So, as a black city resident, should I support Harold Brazil simply because he's black, which I think happens far too often in this city? He's an ineffective politician who doesn't actually "do" anything other than the bidding of others (and those others I'm referring to are not his constituents).
Marc Fisher: Brazil is not one of the more deeply involved politicos in this city. Sadly, council member Jim Graham backed off from challenging Brazil for his citywide, at-large seat in good part because of the same kind of racial politics that Lincoln Park is peddling.
Marc: I have known Bobby Ehrlich for a long time. He is a good guy but his actions too often are still those of a frat boy jock.
Why does Maryland seem to pick governors who are either colorless drones or headline-hogging clowns? Mark Warner, I am proud to say, is light years ahead of Ehrlich in stature.
Marc Fisher: Well, you're not giving us a whole lot of choices there, are you? If they're not colorless drones or headline-hogging clowns, what would they be?
Well, ok, Mark Warner. Now there's an interesting case. I think a lot of folks who were pro or con Warner would have agreed that he was in over his head--until his impressive performance this session, when he won a tax increase from a Republican legislature that the experts had said would walk all over the guv. So, does this empower Warner to accomplish still more next year or has he used up all his capital?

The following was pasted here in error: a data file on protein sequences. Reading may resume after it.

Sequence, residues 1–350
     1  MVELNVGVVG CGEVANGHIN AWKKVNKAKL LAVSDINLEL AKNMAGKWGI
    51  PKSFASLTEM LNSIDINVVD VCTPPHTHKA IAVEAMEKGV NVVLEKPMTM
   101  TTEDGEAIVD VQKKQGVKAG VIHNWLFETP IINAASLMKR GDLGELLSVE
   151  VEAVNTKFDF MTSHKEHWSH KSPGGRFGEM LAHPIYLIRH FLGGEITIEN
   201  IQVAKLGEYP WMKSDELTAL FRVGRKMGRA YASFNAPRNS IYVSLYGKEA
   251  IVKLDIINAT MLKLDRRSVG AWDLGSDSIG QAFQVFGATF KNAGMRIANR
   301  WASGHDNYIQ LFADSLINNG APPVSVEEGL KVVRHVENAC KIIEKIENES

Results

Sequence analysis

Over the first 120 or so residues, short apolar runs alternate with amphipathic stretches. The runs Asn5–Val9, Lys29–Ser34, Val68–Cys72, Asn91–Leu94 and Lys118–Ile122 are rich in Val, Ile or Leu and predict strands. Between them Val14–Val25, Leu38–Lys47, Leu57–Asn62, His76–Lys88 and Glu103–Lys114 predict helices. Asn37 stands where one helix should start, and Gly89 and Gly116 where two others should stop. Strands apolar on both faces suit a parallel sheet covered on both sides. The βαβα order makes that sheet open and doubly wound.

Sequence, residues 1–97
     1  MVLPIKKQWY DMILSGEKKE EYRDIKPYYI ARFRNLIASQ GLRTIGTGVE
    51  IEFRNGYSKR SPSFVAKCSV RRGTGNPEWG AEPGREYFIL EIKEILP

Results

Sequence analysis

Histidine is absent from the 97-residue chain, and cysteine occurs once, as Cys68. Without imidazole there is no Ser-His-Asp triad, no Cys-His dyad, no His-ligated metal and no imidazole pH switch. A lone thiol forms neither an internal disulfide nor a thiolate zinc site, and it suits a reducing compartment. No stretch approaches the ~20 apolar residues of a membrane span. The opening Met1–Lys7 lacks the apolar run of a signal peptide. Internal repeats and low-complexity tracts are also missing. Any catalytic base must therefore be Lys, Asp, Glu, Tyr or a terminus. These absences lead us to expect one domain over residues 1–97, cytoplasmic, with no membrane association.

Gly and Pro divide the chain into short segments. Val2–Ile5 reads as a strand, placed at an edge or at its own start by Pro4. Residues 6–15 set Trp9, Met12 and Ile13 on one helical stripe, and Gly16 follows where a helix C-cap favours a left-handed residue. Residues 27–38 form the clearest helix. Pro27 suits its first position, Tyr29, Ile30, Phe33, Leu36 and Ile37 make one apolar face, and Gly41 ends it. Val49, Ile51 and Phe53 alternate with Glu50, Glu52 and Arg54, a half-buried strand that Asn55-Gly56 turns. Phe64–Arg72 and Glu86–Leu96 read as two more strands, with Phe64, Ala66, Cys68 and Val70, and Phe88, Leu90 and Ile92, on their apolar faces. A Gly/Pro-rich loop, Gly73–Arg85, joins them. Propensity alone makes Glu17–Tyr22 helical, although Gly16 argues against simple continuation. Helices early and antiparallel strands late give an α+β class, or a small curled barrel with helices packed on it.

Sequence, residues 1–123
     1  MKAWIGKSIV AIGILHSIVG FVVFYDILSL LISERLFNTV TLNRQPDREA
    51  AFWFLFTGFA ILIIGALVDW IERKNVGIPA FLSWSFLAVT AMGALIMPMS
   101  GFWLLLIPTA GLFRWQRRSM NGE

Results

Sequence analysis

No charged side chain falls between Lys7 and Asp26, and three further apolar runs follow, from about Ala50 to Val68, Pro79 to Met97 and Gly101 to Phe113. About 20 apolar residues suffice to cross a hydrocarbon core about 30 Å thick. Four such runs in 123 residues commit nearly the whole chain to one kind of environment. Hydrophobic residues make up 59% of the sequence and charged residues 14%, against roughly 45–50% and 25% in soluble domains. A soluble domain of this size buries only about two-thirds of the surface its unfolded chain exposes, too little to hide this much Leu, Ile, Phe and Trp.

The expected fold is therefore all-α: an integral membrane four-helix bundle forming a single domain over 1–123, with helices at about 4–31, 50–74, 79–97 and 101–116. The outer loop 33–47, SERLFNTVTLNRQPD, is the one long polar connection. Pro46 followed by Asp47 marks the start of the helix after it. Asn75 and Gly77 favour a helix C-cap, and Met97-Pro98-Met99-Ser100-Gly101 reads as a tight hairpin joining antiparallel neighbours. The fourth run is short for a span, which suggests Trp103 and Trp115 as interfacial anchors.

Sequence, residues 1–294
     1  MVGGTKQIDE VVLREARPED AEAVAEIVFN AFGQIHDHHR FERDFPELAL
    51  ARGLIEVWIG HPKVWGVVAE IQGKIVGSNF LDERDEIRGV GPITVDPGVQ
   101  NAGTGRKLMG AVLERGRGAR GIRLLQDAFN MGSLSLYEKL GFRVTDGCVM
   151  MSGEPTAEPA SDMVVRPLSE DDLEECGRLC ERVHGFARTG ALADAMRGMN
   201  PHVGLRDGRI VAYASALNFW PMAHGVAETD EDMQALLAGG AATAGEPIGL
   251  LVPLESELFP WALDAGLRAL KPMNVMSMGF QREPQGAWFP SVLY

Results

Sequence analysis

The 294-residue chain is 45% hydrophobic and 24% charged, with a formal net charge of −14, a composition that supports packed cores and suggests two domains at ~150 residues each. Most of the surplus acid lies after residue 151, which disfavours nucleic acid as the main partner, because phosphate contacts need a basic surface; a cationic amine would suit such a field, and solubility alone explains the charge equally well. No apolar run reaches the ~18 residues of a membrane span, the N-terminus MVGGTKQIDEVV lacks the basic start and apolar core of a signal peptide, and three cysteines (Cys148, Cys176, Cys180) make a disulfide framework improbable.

I know that Gov. Erlich has a responsibility to watch what he says, but I had to nod in agreement with the problem of making myself understood to fast food and other retail personnel. This is supposed to be the "service economy," isn't it? So why does it seem to be so hard to order a ice cream cone at a McDonalds and not get a coke instead?
Marc Fisher: Yes, Ehrlich was absolutely right about expressing the frustration that many folks feel about the inability to communicate with workers at Mickey D's and so many other low-paying jobs. But isn't the politician's job to say, hey, there's a problem here and this is how we should address it, rather than just mouthing off against foreigners and moving on?
Judiciary Square, Washington, D.C.:
Re flags -- Last week was National Police Week, and Saturday was Law Enforcement Memorial Day.
Marc Fisher: Thanks!